3 out of 5
Huwha? What is this, exactly? I know the 90s was a long time ago, and things were different and we had rotary phones and ate from cans, but was Marvel in the business of dropping random one-shots that have zero explanation? I mean, you can sort of piece together from the editorial column that this was the start to a series of standalone issues featuring Dracula versus-ing other dudes, and that this was likely done to capitalize on one of the ever-resurging trends of vampires and Midnight Sons, but this column is buried randomly in-between stories 3 and 4 of this all-reprint issue, and it doesn’t outright come and state any of the above. It’s more just, like, “hey, here are some reprinted stories, and here are some (then) current Marvel books that feature the same characters.” (Also, let’s forget to mention one of the reprints at all, and it doesn’t have any creator credits, so…) (Also, if the goal is to hype Dracula, why list him second in the title credits?)
But let’s just accept the oddball presentation as having made sense at the time, any maybe whatever era-appropriate newsgroup or whatnot was all abuzz with announcements of the book, and so fans were clued in; it’s definitely not a bad bang-for-yer-buck issue, though the backups that aren’t announced on the cover are a lot better than the lead-in story, which is Tomb of Dracula #50, by Marv Wolfman. I don’t find this issue to be too great of an example of Wolfman or artist Gene Colan, and though it ends up fitting the kind of offbeat vampire stories that follow, it’s still a rough way to start things, as it feels like it requires context of the time and perhaps other issues in its series. That editorial bit tries to fill in some gaps, but that just supports this being a strange reprint decision, since 3 – 4 paragraphs of explanation suggests this ain’t too new reader friendly.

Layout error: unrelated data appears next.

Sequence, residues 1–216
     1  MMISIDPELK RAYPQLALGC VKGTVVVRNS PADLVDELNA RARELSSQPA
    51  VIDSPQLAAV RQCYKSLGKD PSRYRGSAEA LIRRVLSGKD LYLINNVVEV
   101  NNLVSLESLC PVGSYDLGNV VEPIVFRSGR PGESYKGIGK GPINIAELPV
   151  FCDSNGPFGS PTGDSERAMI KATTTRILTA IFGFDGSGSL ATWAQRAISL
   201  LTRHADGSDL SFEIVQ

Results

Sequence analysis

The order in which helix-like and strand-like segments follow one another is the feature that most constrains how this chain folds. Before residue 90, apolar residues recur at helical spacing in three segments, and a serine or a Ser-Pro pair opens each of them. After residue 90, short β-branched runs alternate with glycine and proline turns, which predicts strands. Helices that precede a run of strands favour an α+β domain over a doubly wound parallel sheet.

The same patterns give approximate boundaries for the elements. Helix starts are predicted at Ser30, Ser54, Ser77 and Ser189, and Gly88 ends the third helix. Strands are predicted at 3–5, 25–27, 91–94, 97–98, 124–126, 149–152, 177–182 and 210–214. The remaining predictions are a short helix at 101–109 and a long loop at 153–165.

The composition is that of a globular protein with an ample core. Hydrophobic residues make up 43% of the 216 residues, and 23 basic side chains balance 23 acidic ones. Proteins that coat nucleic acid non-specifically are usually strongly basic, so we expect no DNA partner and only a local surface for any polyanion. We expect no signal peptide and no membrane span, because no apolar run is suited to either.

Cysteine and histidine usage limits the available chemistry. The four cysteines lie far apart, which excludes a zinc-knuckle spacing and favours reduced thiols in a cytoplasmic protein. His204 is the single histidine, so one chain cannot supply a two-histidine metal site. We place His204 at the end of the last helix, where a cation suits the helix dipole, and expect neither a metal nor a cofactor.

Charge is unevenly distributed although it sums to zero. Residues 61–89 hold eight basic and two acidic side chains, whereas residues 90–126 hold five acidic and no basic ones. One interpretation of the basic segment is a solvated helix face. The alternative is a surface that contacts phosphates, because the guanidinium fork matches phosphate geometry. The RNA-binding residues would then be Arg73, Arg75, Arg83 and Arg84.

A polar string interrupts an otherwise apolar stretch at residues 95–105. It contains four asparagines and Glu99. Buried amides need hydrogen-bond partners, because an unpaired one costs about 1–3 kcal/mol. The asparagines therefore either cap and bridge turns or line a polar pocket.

However, the Bill Everett “Venus” story that follows – Venus being some type of reporter / investigator type, who combats a strange, mind-controlling delivery – is great fun, with wonderfully energetic art and (if you weren’t aware all stories were going to feature vampires) a great twist. The uncredited story that follows seems like a backup from some pre-code horror mag or something, and it is delightfully bizarre. The initial page art quality looks a bit rough, but the following pages are cleaned up, and I cannot claim to have ever seen a tale quite like it: Siamese twins, only one of which is a vamp! And lastly, a jewel: Howard the Duck’s Hellcow mini, from one of the Giant-Size Man-Things. Although I think this was maybe previously reprinted in the HTD treasury or annual, it certainly hadn’t had a spotlight on it since, and man, the color looks really, really good in this printing. Like, this should be the place I go to read this story if and when I have the hankering going forward.
So a questionable reprint product in general, just in terms of the Whys of its creation, and a rough opener, but the remaining material definitely makes up for it.